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OpEdNews Op Eds    H3'ed 6/10/08

McCain Plans to Put The King of Commodities Speculation, Phil Gramm, in as his Secretary of the Treasury

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In his book Pipe Dreams, Robert Bryce describes Enron's on-line commodities trading nightmare, which could not have developed as it did without a key provision in Senator Phil Gramm's “Commodities Futures Act."

The former Texas senator (who ran for the presidency himself in 1996, ending up with only one delegate to show for the $20 million he spent) is frequently mentioned as the next Secretary of the Treasury, if John McCain is elected president.

Fortune magazine describes John McCain's economic policy as "vintage Gramm." When he is not advising John McCain, Gramm is dug in at the New York offices of Swiss investment banking giant, UBS, where he is a vice chairman. McCain's recent argument against government relief for homeowners facing foreclosure recalls Phil Gramm's killing of one version of a deregulation bill in 2000 that he had otherwise supported—because it would have provided reduced-rate mortgages for low-income government employees.

No speculation yet on any cabinet appointment for Wendy Gramm, who currently chairs the Regulatory Studies Program at the Mercatus Center, a free-market think tank housed at George Mason University in D.C. Gramm's wife served on the Commodity Futures Trading Commission from 1983 to 1993. As a commissioner, she helped develop many of the trading rules her husband turned into law in 2000. When Mrs. Gramm left the commission, she joined the corporate board of Enron, as the Texas-based gas-pipeline company was reinventing itself into a commodities trading combine, with its own "trading floor" in Houston.

Enron was the first sign of the pandora’s box unleashed by the Commodity Futures Act on the American economy, and its damage is now evident in the form of the current speculative feeding frenzy that is driving up prices on commodities in everything from oil to food.The speculators have exacerbated the current economic crisis into a growing recession which is snowballing into an ever larger downward spiral, being fed by  job loss, stock market volatility, worldwide political instability, lack of updated infrastructure and the continuing debacle of the subprime mortgage meltdown. Rampant  profit taking is leading to a speculative bubble of oil futures trading. These are all the direct fruits of Gramm's deregulation of commodities trading, made possible in his “Commodity Futures Act,” which became law in 2000.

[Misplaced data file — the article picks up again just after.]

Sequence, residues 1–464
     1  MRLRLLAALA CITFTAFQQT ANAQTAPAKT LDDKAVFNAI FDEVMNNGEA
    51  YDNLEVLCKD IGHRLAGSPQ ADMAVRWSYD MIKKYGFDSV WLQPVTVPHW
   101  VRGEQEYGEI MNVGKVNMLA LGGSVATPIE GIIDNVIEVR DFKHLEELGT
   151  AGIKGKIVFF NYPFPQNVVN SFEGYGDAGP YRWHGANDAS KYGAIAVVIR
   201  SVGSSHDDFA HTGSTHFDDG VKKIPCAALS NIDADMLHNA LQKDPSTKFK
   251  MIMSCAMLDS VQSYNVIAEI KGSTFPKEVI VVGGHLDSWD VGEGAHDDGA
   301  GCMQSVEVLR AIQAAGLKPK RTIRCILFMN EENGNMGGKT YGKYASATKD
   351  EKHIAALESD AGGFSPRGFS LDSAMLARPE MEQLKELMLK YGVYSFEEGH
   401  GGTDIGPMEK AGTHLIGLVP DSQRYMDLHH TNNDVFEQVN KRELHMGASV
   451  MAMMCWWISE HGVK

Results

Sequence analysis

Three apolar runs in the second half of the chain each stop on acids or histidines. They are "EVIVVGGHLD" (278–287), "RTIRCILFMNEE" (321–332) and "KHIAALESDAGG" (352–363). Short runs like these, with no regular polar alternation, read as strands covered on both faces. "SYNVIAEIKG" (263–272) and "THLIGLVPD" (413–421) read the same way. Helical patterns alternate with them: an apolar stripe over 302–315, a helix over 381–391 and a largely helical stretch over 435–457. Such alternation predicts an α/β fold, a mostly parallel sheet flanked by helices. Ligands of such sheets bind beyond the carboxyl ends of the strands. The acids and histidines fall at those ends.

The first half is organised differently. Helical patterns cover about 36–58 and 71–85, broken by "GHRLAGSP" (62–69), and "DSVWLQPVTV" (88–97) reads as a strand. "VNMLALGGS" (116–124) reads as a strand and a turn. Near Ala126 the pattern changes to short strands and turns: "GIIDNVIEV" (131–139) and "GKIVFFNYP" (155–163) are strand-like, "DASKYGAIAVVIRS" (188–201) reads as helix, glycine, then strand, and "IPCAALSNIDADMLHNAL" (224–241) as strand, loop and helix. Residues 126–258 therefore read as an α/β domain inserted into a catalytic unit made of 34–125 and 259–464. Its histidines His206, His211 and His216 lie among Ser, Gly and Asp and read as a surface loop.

When Enron ended up the way it did, that should have been seen as the canary in the coal mine. The Enron debacle foreshadowed the same deregulation-caused  shoddy business practices responsible for much of the instability seen today in commodities prices and the economy in general. Couple those with the massive debt being built up on the Iraq war and the future looks ominous indeed, especially if there are four more years of even worse economic and military policies under a John McCain administration. The current meltdown of the dollar is becoming a large part of further price instability and is fuelled by the policies espoused by Phil Gramm and others in the neoconservative movement. 

Of course, Enron-board-chair Ken Lay is dead now, unless conspiracy theorists are right in claiming he is living under an assumed name in Vail, Colorado. Jeff Skilling is in prison, appealing his Enron-related convictions. And tens of thousands of Enron employees and investors saw their pensions disappear when that company collapsed. And today we have more of the same in the disaster that put Bear Stearns shareholders in a similar position to those that had their investments wiped out by Enron; Bear Stearns' shares originally worth $145 two weeks before the company's collapse, were acquired by JP Morgan for $10 a share.

On April 2, 2008, Gramm’s banking company, UBS, announced that it had sustained $19 billion in losses, which were also doubtless exacerbated by the deregulation that Gramm had pushed through Congress eight years ago. But the Gramms themselves are doing all right. Phil Gramm is John McCain's economic advisor and poised to become, as was stated earlier, John McCain's choice for Secretary of the Treasury.

The lesson here is obvious and frightening: We know what to expect for our country’s future if  John McCain realizes his plans to put this country under the economic direction of former Senator Phil Gramm and his wife Wendy. The ride down the rathole is only beginning with George Bush ready to hand the helm to Mr. McCain, should either vote rigging or voter ignorance put the Senator into the White House.

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I live in the Pacific Northwest and I am interested in current affairs.
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